A silver coin found in Maryland after almost 400 years provided a big clue for archaeologists searching for St. Mary’s Fort — one of the earliest English settlements in the New World.
“It didn’t exactly have the date printed on it, but it was pretty much the next best thing,” Parno said. “It had a maker’s mark that was only used in 1633 and 1634, so it might as well have had the date printed on it, to be honest.”
Coins were uncommon at the time, Parno said, because people would often pay for goods, services and even land with tobacco, which was becoming wildly popular in Europe.
Parno said one of the original 150 English settlers at the fort most likely carried it to Maryland and then lost it.
Archeologists found the coin in November near a building site where they were working in St. Mary’s Fort, which was the first home to English settlers in Maryland.
Experts with ground-penetrating radar and other tools found the original palisade — a sturdy fence made of buried logs — that was built to protect the fort, which was about the size of a football field. There was a bastion at one corner for a canon, Parno said.
The archeologists then dug in the area for several months and found other artifacts that indicate that the site was used in the early 17th century.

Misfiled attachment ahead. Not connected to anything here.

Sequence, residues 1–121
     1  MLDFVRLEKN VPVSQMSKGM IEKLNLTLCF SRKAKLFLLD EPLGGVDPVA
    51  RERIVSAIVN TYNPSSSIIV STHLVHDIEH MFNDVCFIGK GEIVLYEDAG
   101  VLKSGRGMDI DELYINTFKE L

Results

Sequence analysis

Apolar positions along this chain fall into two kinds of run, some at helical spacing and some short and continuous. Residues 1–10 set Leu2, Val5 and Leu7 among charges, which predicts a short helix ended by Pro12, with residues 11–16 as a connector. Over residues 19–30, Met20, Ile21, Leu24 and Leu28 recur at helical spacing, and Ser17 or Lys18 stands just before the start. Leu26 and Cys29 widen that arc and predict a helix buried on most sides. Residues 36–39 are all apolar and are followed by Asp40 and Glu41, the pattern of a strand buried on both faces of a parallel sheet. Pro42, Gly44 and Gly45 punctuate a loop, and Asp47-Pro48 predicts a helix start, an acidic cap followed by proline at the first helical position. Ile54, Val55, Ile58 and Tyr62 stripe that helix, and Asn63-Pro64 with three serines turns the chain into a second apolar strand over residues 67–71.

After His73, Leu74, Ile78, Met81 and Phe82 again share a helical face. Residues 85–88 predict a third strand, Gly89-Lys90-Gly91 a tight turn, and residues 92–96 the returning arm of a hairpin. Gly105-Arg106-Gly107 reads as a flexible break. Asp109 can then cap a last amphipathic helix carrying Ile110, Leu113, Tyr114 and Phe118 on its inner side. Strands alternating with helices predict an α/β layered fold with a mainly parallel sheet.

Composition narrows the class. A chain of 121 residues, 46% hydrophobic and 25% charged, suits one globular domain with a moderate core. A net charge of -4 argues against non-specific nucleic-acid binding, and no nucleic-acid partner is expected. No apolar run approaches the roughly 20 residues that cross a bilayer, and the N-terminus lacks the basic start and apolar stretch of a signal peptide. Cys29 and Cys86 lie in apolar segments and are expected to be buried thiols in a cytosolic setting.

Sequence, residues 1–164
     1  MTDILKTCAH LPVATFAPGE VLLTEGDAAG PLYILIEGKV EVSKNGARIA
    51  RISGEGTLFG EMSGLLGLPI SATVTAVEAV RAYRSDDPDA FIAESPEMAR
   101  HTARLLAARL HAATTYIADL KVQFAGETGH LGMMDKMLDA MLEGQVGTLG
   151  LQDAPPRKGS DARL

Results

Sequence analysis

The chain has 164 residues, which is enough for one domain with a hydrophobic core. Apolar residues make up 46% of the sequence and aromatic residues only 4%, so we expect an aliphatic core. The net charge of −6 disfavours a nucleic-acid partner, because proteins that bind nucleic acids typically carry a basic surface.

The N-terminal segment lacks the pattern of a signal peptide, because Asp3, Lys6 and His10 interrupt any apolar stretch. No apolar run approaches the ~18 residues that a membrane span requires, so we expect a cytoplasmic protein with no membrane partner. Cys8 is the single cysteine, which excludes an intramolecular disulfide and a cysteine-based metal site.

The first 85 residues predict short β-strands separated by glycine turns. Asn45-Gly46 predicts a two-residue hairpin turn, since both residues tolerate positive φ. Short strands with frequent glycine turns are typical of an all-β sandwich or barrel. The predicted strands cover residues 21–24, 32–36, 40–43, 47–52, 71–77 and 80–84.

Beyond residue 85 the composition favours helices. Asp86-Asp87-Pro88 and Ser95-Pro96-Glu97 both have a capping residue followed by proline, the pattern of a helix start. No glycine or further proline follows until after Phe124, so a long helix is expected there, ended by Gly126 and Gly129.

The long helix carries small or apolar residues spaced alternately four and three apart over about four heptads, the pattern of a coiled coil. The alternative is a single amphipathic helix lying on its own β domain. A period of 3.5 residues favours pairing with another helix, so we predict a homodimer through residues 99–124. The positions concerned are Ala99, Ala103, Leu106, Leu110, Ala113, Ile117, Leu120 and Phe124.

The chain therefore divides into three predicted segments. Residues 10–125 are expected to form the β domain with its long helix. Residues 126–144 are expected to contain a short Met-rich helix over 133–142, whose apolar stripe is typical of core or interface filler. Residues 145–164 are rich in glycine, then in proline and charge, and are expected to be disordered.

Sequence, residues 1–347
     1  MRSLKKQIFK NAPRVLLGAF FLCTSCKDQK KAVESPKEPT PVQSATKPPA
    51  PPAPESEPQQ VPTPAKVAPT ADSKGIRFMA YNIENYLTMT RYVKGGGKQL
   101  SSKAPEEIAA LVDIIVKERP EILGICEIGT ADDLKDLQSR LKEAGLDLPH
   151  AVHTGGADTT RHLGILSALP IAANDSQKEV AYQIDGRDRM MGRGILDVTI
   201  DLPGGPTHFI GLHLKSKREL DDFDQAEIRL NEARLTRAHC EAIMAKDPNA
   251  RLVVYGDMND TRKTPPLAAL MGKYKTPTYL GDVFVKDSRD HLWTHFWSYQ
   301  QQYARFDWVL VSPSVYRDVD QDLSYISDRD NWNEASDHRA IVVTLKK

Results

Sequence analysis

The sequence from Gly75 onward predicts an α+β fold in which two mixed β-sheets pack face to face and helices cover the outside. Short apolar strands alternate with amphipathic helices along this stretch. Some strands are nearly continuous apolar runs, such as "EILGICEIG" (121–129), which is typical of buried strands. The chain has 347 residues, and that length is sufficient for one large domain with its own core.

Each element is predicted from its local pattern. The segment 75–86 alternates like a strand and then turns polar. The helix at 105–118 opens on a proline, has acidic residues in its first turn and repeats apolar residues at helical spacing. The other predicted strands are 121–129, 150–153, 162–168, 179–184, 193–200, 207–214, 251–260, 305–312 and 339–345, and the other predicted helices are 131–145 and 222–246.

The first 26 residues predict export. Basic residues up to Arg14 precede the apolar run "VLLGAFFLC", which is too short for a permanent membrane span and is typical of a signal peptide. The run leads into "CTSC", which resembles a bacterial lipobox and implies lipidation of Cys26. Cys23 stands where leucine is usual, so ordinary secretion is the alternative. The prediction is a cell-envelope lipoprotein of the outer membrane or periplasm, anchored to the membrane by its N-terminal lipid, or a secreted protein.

“At this point, we’ve got a confluence of data that says this is without a doubt, the remains of St. Mary’s Fort,” Parno said. “The coin definitely helped. It was kind of like the cherry on top.”
It was the fourth English colony in the United States after Jamestown, which was founded in 1607, Plymouth in 1620 and Massachusetts Bay in 1630, according to the museum’s website.
Archaeologists are still working to excavate part of the fort and Parno said that work will continue for the foreseeable future.
The site is open to the public.
Parno said that there are two Native sites near the fort — one is about 2,000 years old and the other dates back about 5,000 years.
“Our goals are to treat all three of these sites, that are all kind of right next to each other, as the subject of our study, to trace the entire history of human occupation in this part of Maryland, back thousands of years,” Parno said.